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Chapter 3: How to talk about ending homelessness

Tough questions: when to engage

It’s important to remember that not every difficult question merits a response. Sometimes it’s better to walk away than to keep trying to persuade someone. There are a few key tips to keep in mind when you find yourself in a discussion or argument that doesn’t feel productive.

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Another common challenge is fielding questions from people who are not interested in or open to your input.

There’s a difference between people who ask difficult questions and people who are trying to provoke you.

You can tell the difference by looking at a few things, including context, emotional cues, body language, and verbal response. Once you have a sense of who you’re talking to and what’s behind the question, you can decide if you want to continue engaging.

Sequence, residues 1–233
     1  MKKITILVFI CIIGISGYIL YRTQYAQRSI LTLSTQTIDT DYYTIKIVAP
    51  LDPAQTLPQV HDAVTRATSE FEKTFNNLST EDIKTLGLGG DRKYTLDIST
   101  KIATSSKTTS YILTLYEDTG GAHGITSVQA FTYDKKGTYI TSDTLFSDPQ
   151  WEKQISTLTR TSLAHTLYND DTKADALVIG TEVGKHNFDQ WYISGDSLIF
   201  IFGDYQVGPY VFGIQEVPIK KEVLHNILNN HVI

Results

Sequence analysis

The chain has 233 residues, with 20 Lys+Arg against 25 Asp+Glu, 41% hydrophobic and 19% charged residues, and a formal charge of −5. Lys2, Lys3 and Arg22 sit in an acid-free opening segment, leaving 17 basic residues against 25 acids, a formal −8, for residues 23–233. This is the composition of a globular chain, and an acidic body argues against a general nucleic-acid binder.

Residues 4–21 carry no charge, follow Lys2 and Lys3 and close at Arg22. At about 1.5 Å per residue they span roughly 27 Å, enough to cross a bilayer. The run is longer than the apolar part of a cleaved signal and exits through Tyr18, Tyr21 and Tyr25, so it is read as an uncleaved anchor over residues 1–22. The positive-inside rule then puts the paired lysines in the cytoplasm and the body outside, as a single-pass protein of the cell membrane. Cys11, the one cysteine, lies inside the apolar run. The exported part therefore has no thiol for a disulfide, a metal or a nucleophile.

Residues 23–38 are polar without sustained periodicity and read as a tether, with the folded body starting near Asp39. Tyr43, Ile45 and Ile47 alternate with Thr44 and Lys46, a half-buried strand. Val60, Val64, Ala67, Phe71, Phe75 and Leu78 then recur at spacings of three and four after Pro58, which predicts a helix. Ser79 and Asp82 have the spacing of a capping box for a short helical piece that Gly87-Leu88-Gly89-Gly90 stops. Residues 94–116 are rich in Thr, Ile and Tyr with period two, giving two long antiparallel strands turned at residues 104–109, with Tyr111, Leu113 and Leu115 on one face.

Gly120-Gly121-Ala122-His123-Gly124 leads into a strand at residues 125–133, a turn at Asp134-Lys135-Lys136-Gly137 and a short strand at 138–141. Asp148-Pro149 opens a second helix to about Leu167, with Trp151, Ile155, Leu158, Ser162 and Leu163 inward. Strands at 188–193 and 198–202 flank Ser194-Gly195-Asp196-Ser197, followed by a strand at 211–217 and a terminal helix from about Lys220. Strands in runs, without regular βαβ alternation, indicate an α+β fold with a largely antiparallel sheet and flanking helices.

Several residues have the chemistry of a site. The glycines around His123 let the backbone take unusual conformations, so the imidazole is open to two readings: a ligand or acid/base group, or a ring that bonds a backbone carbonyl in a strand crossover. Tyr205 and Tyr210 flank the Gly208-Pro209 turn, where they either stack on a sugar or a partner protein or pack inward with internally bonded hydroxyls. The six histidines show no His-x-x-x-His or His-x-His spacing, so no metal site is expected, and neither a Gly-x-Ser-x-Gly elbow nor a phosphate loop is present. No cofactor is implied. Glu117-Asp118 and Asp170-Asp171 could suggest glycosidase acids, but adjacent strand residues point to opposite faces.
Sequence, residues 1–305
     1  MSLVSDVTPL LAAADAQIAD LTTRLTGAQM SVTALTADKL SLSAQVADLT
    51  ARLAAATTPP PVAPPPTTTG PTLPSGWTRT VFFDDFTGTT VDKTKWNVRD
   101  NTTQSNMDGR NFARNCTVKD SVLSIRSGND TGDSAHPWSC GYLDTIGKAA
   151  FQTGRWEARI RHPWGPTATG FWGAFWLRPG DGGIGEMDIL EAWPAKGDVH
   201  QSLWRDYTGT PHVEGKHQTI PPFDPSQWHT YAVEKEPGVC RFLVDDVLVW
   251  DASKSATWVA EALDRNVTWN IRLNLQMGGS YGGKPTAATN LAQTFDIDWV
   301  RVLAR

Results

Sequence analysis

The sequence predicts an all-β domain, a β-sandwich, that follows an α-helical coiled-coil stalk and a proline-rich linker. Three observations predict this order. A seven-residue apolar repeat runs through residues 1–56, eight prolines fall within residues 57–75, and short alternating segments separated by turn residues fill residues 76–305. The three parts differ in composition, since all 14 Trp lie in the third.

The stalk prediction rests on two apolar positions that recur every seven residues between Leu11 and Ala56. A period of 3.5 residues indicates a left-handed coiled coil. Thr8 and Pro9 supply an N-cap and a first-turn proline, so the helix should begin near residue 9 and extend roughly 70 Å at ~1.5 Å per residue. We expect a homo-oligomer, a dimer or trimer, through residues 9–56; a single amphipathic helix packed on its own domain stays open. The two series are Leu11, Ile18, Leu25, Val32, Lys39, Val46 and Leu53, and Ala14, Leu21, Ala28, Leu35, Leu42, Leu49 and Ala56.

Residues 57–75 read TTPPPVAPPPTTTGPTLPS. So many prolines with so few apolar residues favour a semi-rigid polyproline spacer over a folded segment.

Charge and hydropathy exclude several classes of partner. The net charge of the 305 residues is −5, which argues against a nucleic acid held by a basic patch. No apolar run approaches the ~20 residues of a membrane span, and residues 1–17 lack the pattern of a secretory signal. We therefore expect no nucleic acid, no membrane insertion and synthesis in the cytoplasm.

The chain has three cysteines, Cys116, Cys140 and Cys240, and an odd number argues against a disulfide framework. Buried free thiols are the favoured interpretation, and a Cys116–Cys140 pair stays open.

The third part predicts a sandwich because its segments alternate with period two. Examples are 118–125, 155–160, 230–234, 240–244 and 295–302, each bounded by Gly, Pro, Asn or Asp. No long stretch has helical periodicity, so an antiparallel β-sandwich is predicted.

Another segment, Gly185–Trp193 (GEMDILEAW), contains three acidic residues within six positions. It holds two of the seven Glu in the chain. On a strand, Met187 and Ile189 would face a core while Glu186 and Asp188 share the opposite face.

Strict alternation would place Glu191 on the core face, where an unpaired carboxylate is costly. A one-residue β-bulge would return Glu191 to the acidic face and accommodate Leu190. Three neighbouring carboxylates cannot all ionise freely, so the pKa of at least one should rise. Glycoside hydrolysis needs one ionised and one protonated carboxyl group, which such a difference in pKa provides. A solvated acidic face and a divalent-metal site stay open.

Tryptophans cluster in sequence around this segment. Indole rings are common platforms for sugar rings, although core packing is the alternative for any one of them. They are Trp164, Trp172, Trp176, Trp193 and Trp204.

It’s helpful to remember that our priority is to engage with people who already agree or empathize with us to some degree and to get them to take a more active role in ending homelessness–not to convince people who disagree with us.

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Getting involved

The most common question we receive is: “What can I do to help?” We all have a role to play in ending homelessness, and everyone brings unique skills, perspectives, and experiences to our shared work. Our campaign is centered around community organizing, which brings people together to advocate for systemic change and solutions.

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